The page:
With the world being so divided on a political front, it’s in this club where differences are put aside to speak as one.
The Political Science Society is a club on Pierce that allows all students with different beliefs to come together and discuss political issues.
The club focuses on one topic for a whole meeting in which members can talk about their stances on the issue. The next meeting’s topics are chosen by the members and then voted on based on the majority rule.
Past meetings topics were on the NFL kneeling, gun ownership and Proposition 10 which deals with rent control. The meeting held on Thursday Nov. 15 dealt with immigration.
President Emiliano Acosta said this club welcomes anyone, regardless if they are a democrat, republican, socialist, libertarian, or undecided, to speak.
“The reason why we’re keeping this club running is because people do want to discuss the political issues and social issues,” Acosta said. “People do want to discuss what’s going on in the country or in the world, but we’re so scared. We don’t want to get attacked by other people of the political preference. You can actually speak on what you truly want to say without anyone attacking you.”
Vice President Aviv Assayag said there’s not really any other club like this one.
“From what I know pretty much every club that we have on campus is partisan, in some way or another, it takes a stance,” Assayag said. “It even resembles in our logo that we really try hard to be non-partisan. We really try to include everyone because we really think that two conflicting ideas and hashing it out and people being exposed to new ideas is really helpful.”
Having differing ideas on issues may cause conflict, but Acosta said they keep it civil.
“The way that we do so, we don’t get any fights or arguments,” Acosta said. “We take on Professor Nabulsi [advisor], he asks us to reply to the statement rather than reply directly to a person. The moment you reply to a person then conflict is created, but if you reply to the statement then that kind of makes it a little bit less charged.”
Starting this meeting, a time cap of 3 minutes was placed for one person to speak and then they move on to the next person that has something to say. The person can speak again after another person has spoken. Assayag said this has also worked in keeping the gatherings peaceful.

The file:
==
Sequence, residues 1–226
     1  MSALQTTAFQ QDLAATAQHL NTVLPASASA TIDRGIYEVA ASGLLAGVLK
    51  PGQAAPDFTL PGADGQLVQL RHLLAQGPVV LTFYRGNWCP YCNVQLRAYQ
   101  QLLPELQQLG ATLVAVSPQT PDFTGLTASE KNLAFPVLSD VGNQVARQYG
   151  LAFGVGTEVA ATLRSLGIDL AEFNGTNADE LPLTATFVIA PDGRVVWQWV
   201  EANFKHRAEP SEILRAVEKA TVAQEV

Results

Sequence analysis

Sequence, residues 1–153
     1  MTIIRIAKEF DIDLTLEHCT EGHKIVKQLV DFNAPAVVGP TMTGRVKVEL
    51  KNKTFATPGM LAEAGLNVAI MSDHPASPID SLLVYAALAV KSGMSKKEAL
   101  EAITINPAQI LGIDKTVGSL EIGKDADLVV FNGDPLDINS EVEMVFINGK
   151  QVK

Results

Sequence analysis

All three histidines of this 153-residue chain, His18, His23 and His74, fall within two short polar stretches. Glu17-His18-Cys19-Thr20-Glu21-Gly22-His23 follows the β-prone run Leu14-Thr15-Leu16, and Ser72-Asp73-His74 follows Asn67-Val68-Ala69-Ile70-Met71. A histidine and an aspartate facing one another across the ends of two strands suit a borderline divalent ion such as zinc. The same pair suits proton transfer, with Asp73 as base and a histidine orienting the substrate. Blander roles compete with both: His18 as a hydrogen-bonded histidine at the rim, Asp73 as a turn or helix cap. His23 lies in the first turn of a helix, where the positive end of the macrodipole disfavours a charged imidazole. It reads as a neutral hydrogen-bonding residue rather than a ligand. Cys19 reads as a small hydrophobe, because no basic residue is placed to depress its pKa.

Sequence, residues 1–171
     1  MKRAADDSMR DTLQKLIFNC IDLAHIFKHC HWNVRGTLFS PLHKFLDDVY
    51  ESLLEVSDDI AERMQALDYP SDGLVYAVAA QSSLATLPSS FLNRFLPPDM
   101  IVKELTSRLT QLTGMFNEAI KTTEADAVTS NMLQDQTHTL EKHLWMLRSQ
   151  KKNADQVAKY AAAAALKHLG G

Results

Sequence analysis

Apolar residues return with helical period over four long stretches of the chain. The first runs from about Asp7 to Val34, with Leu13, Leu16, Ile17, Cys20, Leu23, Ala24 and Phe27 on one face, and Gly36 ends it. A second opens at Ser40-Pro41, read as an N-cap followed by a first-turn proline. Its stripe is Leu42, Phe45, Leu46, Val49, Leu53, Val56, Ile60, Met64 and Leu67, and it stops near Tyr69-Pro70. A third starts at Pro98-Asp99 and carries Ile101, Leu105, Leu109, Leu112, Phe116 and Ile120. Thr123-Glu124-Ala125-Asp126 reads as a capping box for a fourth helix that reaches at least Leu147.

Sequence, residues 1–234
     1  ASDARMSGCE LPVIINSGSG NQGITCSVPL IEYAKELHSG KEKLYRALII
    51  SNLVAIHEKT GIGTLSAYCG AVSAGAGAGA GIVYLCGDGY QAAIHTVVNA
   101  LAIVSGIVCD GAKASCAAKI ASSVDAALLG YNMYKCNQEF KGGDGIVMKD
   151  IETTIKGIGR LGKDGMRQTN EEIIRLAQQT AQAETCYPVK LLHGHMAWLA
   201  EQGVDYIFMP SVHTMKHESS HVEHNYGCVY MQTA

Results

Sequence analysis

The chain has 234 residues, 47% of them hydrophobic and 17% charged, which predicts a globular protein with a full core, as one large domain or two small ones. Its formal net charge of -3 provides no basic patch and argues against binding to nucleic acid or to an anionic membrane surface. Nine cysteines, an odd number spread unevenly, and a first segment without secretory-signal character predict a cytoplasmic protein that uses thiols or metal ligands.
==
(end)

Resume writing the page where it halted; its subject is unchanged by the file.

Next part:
“We have instituted a time limit,” Assayag said. “So that’s something that we’ve been trying to do is letting everyone speak and only giving somebody so much time that they’re allowed to speak for at one time. So far thankfully we’ve been able to have pretty respectful meetings.”
The turnout usually is around 15, but this meeting there was 22 students. Acosta said the club is showing strong signs of growth.
“This is our first year after it got reestablished,” Acosta said. “The club went through some ups and downs in the past, but this is the first year that we’re actually getting the ball rolling. I think that we’re doing good, from the first meeting we’ve had to right now. Today, I think we had the most people. In 2019, we’re going to go full force. This is the first semester that it’s really started, but people are so eager to come to the meetings and find interest in it.”
Assayag said the club is open for anyone to come to the meetings whether they choose to voice their opinions or not.
“We do have quite a few members that just come to sit and listen, and they think that it’s interesting,” Assayag said. “It’s also a place to become informed. You get to hear both sides of the issue and you get to become informed on whatever topic that the club chooses collectively. We try to get everyone to speak, but we never burden those people that don’t want to speak, and we never cold call people either. So people that just want to come and listen are also welcome.”
Secretary Makenna Gordon said she thinks the club can benefit anyone who comes to the meetings.
“You get to hear everyone’s perspectives and it really helps with the problem of polarization too,” Gordon said. “Everyone can find a common ground and learn about each other’s personal views and it just helps people become more well-rounded in politics. I think it’s a really good club to go to.”
The Political Science Society’s website is commongroundtalks.com. Information can be found on how to become a member, the next club meeting dates, and resources for political science majors.
The next club meeting is on Thursday Nov. 29 and will be focusing on news media. Their final meeting will be on Dec. 6, topic to be chosen after the next. They meet in BIRCH 1101 Thursdays at 2:20 p.m.